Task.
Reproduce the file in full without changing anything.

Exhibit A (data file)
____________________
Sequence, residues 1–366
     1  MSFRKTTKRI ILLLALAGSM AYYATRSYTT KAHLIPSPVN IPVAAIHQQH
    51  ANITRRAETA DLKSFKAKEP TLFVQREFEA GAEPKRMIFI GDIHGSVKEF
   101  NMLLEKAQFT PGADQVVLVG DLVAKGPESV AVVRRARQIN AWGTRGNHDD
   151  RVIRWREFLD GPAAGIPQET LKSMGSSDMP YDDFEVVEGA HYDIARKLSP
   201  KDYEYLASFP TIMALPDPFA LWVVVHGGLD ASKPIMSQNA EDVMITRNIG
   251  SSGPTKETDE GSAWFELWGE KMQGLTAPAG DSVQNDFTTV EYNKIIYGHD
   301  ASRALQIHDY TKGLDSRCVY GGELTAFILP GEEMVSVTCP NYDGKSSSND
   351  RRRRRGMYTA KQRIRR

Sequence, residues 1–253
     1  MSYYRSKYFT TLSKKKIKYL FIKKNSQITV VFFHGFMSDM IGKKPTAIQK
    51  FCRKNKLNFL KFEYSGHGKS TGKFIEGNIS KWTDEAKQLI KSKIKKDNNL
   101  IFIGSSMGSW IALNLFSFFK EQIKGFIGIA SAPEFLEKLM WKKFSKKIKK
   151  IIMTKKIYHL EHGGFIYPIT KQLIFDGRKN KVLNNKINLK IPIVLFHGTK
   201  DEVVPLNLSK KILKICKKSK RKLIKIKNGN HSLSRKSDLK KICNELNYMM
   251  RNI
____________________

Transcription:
Sequence, residues 1–366
     1  MSFRKTTKRI ILLLALAGSM AYYATRSYTT KAHLIPSPVN IPVAAIHQQH
    51  ANITRRAETA DLKSFKAKEP TLFVQREFEA GAEPKRMIFI GDIHGSVKEF
   101  NMLLEKAQFT PGADQVVLVG DLVAKGPESV AVVRRARQIN AWGTRGNHDD
   151  RVIRWREFLD GPAAGIPQET LKSMGSSDMP YDDFEVVEGA HYDIARKLSP
   201  KDYEYLASFP TIMALPDPFA LWVVVHGGLD ASKPIMSQNA EDVMITRNIG
   251  SSGPTKETDE GSAWFELWGE KMQGLTAPAG DSVQNDFTTV EYNKIIYGHD
   301  ASRALQIHDY TKGLDSRCVY GGELTAFILP GEEMVSVTCP NYDGKSSSND
   351  RRRRRGMYTA KQRIRR

Sequence, residues 1–253
     1  MSYYRSKYFT TLSKKKIKYL FIKKNSQITV VFFHGFMSDM IGKKPTAIQK
    51  FCRKNKLNFL KFEYSGHGKS TGKFIEGNIS KWTDEAKQLI KSKIKKDNNL
   101  IFIGSSMGSW IALNLFSFFK EQIKGFIGIA SAPEFLEKLM WKKFSKKIKK
   151  IIMTKKIYHL EHGGFIYPIT KQLIFDGRKN KVLNNKINLK IPIVLFHGTK
   201  DEVVPLNLSK KILKICKKSK RKLIKIKNGN HSLSRKSDLK KICNELNYMM
   251  RNI